Crimson is a lady pirate, widowed, who is the toughest, most dangerous buccaneer in the Carribean.  The plot is straightforward.  An Englishman, having taken up the life of a Virginia tobacco farmer, has found out that his daughter has run away from finishing school in England with a notorious pirate.  He and his wife have come seeking Crimson’s help in finding her.  The pair of lovers are rumored to be staying on an island with a dark reputation.  Supposedly the undead also inhabit the island.

And Crimson’s former husband may be among them.

That’s all I’ll say about the plot.  This story could have come from Weird Tales, a collaboration of Henry S.Whitehead and Robert E. Howard.  There are elements of both in this tale.  The creepiness factor is about an 11.5 on a scale of 1 to 10.  There’s plenty of swordplay, and if you listen carefully, you can almost hear the mast creaking in the breeze and smell the spray of the ocean as it breaks over the fo’c’sle.

Crimson is a wonderfully wounded heroine, and it’s amazing how much depth Gorman and Piccirilli bring to what would be a stock character in the hands of lesser writers, a woman buccaneer who’s as tough as a man.  That’s almost become as much of a cliche in some circles as the maiden needing rescue.  And they do it in far fewer pages than most writers would use.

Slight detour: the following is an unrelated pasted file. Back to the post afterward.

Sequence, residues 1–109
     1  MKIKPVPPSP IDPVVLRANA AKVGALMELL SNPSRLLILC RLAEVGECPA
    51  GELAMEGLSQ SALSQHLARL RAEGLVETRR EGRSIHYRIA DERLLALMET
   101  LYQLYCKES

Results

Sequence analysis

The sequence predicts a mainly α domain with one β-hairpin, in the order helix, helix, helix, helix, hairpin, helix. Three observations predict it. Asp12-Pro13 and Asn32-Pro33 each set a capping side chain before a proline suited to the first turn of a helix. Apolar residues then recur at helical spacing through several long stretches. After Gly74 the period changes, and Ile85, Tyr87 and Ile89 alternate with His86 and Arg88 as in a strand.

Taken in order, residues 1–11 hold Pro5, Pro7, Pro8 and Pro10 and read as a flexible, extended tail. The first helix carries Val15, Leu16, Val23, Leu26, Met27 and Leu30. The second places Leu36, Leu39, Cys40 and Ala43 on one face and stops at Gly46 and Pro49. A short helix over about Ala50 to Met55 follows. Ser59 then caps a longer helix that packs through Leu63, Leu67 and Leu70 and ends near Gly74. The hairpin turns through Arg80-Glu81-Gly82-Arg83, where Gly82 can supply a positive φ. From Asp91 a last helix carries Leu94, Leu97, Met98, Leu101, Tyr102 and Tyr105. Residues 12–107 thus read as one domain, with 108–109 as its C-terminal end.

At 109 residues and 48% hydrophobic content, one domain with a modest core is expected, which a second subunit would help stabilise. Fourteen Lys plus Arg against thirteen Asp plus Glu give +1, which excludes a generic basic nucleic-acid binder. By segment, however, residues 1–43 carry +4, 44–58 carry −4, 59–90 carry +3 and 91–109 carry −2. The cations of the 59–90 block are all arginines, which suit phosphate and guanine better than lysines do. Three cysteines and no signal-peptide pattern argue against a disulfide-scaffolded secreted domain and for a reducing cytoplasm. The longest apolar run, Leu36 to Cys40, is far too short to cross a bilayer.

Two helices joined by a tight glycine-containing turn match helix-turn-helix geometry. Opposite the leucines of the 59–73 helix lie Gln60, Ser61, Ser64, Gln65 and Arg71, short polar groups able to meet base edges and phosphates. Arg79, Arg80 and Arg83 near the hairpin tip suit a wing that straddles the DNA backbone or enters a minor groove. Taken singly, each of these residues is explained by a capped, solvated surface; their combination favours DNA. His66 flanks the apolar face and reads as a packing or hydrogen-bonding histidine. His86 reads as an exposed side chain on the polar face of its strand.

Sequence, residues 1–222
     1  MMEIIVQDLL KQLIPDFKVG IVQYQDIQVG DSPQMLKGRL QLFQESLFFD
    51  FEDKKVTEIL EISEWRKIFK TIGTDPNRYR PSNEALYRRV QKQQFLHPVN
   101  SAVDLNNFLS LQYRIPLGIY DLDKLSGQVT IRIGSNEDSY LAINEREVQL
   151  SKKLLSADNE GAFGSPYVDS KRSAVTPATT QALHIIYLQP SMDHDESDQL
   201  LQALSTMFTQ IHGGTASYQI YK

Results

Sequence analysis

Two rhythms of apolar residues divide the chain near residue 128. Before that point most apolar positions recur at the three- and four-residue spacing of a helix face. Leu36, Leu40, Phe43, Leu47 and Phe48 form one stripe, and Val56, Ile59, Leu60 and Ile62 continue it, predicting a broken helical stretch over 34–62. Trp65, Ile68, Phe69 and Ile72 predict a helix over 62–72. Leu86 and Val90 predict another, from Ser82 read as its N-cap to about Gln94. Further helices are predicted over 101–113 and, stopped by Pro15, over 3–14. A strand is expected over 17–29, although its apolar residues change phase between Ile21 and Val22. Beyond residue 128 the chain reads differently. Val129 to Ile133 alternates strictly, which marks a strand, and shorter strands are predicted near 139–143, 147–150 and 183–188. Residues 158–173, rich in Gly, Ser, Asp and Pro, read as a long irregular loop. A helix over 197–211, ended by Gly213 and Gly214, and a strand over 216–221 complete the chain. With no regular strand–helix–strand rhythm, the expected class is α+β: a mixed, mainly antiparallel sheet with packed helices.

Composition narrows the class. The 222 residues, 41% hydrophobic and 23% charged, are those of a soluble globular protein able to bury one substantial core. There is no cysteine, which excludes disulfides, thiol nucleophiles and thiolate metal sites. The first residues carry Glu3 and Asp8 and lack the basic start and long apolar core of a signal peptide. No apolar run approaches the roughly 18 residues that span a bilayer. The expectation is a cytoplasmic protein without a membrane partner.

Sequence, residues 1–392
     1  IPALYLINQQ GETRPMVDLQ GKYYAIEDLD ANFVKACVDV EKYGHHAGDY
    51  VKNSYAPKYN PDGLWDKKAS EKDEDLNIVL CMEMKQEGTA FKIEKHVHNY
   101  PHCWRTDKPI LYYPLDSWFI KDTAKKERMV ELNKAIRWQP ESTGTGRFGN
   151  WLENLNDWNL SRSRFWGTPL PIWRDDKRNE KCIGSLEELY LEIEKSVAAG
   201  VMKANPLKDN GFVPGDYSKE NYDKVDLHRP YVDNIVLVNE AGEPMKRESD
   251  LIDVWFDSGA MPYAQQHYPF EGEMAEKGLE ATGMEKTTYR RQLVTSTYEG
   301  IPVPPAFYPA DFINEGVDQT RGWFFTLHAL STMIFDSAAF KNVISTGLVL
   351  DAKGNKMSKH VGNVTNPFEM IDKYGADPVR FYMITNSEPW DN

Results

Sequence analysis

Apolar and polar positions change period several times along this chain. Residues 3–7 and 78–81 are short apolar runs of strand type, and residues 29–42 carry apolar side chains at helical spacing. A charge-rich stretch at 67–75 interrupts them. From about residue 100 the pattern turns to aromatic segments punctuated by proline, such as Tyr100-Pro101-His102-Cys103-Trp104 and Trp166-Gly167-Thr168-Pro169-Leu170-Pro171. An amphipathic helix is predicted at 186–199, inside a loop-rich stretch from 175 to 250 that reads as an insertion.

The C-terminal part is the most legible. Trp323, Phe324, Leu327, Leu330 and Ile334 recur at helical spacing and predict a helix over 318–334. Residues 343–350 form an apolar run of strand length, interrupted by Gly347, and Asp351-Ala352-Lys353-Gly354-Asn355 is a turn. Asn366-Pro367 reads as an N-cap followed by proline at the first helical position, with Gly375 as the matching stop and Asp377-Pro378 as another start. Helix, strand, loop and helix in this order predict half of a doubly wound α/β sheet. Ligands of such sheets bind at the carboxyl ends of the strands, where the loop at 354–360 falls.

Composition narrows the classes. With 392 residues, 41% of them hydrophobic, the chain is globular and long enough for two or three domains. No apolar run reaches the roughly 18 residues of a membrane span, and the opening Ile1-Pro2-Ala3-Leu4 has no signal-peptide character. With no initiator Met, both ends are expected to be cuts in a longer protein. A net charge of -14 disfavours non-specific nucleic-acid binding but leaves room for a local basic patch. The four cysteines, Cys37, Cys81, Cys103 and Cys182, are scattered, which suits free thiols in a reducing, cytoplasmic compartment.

All of the characters are well drawn.  Their relationships are real, and they defy expectations.  In fact, the whole thing defies expectations.  You think you know what is going to happen once they reach the island, but Gorman and Piccirilli sidestep the obvious approach and go for the unexpected.

I rushed through this one in a single sitting.  Gorman has long been a favorite of mine, but this is AFAIK the first work I’ve read by Piccirilli.  I’ll need to read more of his stuff.  I hope they write a sequel; I want to read more about  Crimson.

Cast in Dark Waters, for all its grimness, was some of the most fun I’ve had in a great while.  I highly recommend it.

Long Looks at Short Fiction: Blackskull’s Captive by Tom Doolan

Blackskull’s Captive
Tom Doolan
Kindle ebook format, 0.99

If this short story, the first publication by Tom Doolan, is any indication of what we can expect from him, then he’s someone you will want to add to your list of must-read authors.